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A Fun Funeral



The city of Liverpool has long been associated with wisecracking comics, from Ken Dodd to Stan Boardman. In April this year it hit the headlines because of a different kind of comic: the colourful kind printed on paper. A twenty-five-year-old woman called Erin Roberts lost her battle with brain cancer at the beginning of the month. As the month ended, her family and friends brought her dying wishes to life when they held a comic-themed funeral.

Erin had three great passions during her life: superheroes, science fiction and animals. She wanted those passions to be reflected in the event that marked the end of her life – her funeral. She made careful plans for the event. She wanted her coffin to be carried in a horse-drawn cart and escorted by her father, who would be dressed as Darth Vader, the black-clad super-villain from the Star Wars series. And he would be accompanied by an honour guard of imperial stormtroopers.

Meanwhile, her friends would appear as famous characters from comics and the movies based on them. They would be dressed as Superman, Spiderman, Catwoman, Iron Man and many more, including Chewbacca, the giant wookie from Star Wars. In this way, the funeral procession would be full of bright colours and eye-catching costumes, something that would never be forgotten by those who attended – or so she hoped. But a funeral like that would cost a lot of money. Her family and friends aren’t really superheroes and they couldn’t use any superpowers to to realize her dreams.

But they could draw on another special source of energy: the power of the crowd. They set up a donation page on the internet and raised extra money to pay for things like hire of the costumes. Erin got exactly the send-off she wanted and her funeral left her family and friends with just the memories she wanted them to have: colourful and quirky ones that would help them face their grief and remember her in the right way.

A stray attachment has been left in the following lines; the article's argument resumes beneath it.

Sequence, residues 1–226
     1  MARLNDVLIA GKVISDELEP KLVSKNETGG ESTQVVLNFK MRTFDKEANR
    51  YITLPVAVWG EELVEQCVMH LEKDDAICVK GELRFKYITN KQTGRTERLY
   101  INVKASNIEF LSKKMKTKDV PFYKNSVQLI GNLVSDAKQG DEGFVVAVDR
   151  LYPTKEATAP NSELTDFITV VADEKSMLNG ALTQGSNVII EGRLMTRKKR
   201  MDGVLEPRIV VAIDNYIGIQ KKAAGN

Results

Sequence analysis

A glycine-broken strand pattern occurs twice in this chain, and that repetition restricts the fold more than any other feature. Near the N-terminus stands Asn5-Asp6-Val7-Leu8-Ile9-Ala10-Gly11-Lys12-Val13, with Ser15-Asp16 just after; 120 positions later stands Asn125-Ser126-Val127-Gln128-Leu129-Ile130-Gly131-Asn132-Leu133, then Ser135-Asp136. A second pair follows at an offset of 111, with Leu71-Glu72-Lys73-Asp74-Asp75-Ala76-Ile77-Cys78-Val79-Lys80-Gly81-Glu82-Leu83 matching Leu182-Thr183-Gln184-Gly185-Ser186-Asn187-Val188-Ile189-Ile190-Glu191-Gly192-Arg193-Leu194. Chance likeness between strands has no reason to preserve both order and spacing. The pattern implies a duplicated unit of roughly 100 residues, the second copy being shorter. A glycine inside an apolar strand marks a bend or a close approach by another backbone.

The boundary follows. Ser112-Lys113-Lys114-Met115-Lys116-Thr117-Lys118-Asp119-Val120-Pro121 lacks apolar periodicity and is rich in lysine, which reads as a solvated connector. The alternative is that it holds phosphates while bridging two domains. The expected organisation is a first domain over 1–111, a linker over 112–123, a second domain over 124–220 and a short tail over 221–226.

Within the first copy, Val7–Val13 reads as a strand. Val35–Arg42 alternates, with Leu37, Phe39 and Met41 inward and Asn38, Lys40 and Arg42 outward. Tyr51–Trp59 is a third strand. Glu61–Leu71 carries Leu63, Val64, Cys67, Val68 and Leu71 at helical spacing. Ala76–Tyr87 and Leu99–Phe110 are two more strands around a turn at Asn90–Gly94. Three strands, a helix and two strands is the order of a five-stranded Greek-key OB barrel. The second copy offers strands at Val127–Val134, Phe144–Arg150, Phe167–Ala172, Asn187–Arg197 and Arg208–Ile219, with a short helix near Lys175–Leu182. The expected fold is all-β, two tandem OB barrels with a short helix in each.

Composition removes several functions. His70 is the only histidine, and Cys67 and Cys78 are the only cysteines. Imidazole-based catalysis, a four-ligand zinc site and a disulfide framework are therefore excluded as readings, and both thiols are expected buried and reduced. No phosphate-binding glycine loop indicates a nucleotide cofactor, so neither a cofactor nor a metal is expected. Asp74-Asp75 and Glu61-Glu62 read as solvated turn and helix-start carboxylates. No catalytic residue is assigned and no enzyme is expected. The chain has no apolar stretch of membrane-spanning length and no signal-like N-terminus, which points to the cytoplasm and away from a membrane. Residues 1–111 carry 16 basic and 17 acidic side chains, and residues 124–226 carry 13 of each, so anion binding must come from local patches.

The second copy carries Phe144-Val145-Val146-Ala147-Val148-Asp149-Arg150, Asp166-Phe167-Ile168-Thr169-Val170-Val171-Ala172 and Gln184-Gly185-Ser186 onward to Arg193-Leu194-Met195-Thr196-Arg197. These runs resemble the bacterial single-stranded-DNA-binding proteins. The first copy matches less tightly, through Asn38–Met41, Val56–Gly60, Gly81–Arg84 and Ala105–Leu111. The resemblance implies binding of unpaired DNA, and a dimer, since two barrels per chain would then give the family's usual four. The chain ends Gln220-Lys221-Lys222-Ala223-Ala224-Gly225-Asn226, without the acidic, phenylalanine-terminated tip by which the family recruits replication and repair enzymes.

“Quirky” was her favourite word. She even applied it to the illness that cut her life tragically short, saying that she had brain tumours because “I am quirky.” She wanted to face her situation with humour, not sadness or self-pity, and her funeral was another way of expressing her positive personality. But there was something else unusual in her funeral plan: she wanted presents to be sent to everyone who attended, as another way of making her passing a positive occasion, not a sad and gloomy one.

That wish has also come true: the gifts she chose for the people she loved were still arriving in the post when the funeral was over. It was a clever and caring idea by a young woman who obviously knew how to make the most of life. Inevitably, of course, her early passing raises difficult questions. Why do good people sometimes pass away so young? Is there a deeper meaning and purpose behind the pain and suffering we see in stories like that of Erin Roberts? Is there life beyond the grave?

There are many answers to those questions, but it’s sometimes hard to accept them and it’s impossible for them all to be true. However, one thing is certain. Erin Roberts and her loved ones couldn’t control the way she left the world, but they could control what happened at her funeral. It was a chance to defy the tragedy of her passing and to re-assert what was important to her during her short life. That is part of why funerals are so important to so many people, whatever they happen to believe about death and the afterlife. Erin Robert’s life was cut short, but her funeral will help her memory to stay bright for many years to come.

National Federation of Funeral Directors